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I am using where in condition in SQL Server. I want to get result without order, because I gave a list into the 'where in' condition.

For example

select * from blabla where column in ('03.01.KO61.01410',

How can I do?

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your query looks OK. What's the problem? – Simen S May 11 '11 at 9:35
results should be in the order mentioned in my circumstances – esquare May 11 '11 at 9:40
up vote 1 down vote accepted

Due to my experience, SQL Server randomly order the result set for WHERE-IN Clause if you does not specify how to order it.

So, if you want to order by your WHERE-IN conditions, you must define some data item to order it as you passed. Otherwise, SQL Server will randomly order your resultset.

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If you want the rows returned such that they're in the same order as the items in your IN, you need to find some way to specify that in an ORDER BY clause - the only way to get SQL Server to define an order. E.g.:

select * from blabla where column in ('03.01.KO61.01410',
order by
CASE column
when '03.01.KO61.01410' then 1
when '03.02.A081.15002' then 2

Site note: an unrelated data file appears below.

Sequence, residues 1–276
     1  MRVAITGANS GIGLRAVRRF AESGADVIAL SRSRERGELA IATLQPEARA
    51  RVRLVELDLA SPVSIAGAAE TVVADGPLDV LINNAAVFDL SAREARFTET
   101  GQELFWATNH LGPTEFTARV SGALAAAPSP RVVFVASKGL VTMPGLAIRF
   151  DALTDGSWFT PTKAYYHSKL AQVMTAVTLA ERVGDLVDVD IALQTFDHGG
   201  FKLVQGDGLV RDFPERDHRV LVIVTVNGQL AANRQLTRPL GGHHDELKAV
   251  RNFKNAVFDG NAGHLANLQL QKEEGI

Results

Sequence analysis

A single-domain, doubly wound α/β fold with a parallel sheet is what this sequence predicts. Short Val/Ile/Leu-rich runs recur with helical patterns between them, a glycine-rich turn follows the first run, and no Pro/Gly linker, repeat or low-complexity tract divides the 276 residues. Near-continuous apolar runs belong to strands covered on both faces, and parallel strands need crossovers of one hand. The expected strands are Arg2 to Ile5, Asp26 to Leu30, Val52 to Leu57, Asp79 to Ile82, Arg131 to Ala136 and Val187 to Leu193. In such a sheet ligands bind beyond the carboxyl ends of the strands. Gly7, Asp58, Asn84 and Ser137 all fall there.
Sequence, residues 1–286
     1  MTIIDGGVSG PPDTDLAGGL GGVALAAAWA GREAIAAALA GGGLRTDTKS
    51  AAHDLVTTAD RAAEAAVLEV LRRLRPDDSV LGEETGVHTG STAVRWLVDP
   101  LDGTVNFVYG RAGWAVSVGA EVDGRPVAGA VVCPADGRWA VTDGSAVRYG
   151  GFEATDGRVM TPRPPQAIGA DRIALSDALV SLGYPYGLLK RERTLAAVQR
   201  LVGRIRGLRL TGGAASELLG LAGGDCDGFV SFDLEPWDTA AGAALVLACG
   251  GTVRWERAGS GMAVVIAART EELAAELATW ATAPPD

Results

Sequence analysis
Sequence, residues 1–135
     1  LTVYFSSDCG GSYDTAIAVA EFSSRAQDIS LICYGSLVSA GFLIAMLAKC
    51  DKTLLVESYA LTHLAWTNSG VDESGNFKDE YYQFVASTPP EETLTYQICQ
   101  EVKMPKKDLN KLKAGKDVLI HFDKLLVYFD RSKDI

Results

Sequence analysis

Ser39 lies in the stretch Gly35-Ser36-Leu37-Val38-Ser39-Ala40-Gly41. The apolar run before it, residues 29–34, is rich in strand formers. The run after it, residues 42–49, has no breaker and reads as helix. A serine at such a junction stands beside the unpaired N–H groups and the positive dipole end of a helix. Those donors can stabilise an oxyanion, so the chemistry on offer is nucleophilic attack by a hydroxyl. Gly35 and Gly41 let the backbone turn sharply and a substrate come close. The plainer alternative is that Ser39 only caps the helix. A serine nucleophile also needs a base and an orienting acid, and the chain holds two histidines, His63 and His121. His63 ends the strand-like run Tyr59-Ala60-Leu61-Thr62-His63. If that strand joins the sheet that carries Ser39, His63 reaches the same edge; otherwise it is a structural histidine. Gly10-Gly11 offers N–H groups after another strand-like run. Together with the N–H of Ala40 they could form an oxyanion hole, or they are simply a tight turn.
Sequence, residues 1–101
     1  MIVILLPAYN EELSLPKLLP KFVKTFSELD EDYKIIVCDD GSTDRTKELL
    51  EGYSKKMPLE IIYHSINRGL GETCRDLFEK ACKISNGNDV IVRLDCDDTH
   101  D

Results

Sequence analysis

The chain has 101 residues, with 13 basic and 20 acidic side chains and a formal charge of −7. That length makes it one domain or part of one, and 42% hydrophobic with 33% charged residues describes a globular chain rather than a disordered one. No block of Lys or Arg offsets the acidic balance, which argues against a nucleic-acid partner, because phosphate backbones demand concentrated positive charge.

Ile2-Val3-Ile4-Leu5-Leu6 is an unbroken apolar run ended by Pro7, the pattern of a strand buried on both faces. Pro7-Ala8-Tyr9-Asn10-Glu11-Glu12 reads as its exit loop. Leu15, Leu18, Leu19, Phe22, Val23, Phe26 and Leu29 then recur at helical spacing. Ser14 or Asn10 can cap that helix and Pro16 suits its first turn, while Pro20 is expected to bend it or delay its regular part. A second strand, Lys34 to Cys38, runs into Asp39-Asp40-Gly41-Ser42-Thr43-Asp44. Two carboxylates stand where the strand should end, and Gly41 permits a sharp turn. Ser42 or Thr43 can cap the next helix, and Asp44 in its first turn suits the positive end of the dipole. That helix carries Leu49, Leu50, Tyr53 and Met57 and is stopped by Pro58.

when '03.02.A081.15016' then 3
when '03.02.A081.15003' then 4
when '02.03.A081.57105' then 5
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You're already doing it - if you don't explicitly specify an order by using ORDER BY, then there is no implied order.

If you want to totally randomize the output, you could add an ORDER BY NEWID() clause:

 SELECT (list of columns) 
 FROM dbo.blabla 
 WHERE column IN ('03.01.KO61.01410', '03.02.A081.15002',
                  '03.02.A081.15016', '03.02.A081.15003', '02.03.A081.57105')
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No. I dont want sql ordering. Because I gave conditional list in where statement. It should be as where-in. But SQL orders it according to ASC automatically. Understand me? – esquare May 11 '11 at 9:36
The order of results returned by the RDBMS is undefined unless order by is used. If nothing changes in terms of data, indexes, etc it is possible to receive results from the same query in the same order for quite some time. And then one day something changes (data added, deleted or updated, indexed added/dropped, datafile is migrated to different disk, etc) and the order will change. The order you are seeing in your result set is inherently 'unordered' in so far as one day it will be different. Take a good look a marc_s's 'order by newid()' - it is close to a random order. – Karl May 11 '11 at 9:43

If you have an autoincrement id in your table, use it in an order clause. And if you don't, consider adding one...

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Try this:

CREATE TYPE varchar20_list_type AS TABLE (

DECLARE @mylist varchar20_list_type
INSERT @mylist (val) VALUES

    JOIN @mylist AS t
        blabla.col = t.val

More information from http://www.sommarskog.se/arrays-in-sql-2008.html

By the way, this can be easily done in PostgreSQL with VALUES: http://www.postgresql.org/docs/9.0/static/queries-values.html

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